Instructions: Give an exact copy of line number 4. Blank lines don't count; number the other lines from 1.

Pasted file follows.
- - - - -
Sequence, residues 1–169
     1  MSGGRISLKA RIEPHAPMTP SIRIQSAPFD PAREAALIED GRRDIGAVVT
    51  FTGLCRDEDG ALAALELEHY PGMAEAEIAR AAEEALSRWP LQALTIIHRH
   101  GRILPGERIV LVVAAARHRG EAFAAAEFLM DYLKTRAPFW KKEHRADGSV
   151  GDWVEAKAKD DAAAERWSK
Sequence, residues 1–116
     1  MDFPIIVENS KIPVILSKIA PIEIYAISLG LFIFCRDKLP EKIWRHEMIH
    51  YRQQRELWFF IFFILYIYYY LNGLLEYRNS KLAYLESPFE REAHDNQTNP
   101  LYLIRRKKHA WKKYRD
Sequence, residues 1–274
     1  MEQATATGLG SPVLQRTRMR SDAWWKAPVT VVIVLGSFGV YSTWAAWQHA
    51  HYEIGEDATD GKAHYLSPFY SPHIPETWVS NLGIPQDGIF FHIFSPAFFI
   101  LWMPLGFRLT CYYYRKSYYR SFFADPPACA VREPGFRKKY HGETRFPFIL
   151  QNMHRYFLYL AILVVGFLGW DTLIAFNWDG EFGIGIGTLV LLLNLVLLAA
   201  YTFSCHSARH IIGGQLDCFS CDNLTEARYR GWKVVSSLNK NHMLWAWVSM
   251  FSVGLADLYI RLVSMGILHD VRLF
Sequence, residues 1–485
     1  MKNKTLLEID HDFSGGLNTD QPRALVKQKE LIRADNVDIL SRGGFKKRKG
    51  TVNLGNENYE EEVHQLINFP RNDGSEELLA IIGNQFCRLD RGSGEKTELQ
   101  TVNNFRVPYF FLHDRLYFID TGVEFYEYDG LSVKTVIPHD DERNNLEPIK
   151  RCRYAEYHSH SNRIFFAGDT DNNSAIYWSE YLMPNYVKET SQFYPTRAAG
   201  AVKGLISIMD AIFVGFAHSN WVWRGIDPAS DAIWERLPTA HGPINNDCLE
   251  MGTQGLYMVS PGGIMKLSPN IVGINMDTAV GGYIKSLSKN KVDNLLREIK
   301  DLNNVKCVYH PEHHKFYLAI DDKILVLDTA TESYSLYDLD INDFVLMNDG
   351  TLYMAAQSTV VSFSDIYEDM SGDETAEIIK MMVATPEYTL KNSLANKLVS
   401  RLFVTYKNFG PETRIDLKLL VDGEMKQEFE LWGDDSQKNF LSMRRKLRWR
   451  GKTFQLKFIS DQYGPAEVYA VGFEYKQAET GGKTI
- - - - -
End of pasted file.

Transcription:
   101  GRILPGERIV LVVAAARHRG EAFAAAEFLM DYLKTRAPFW KKEHRADGSV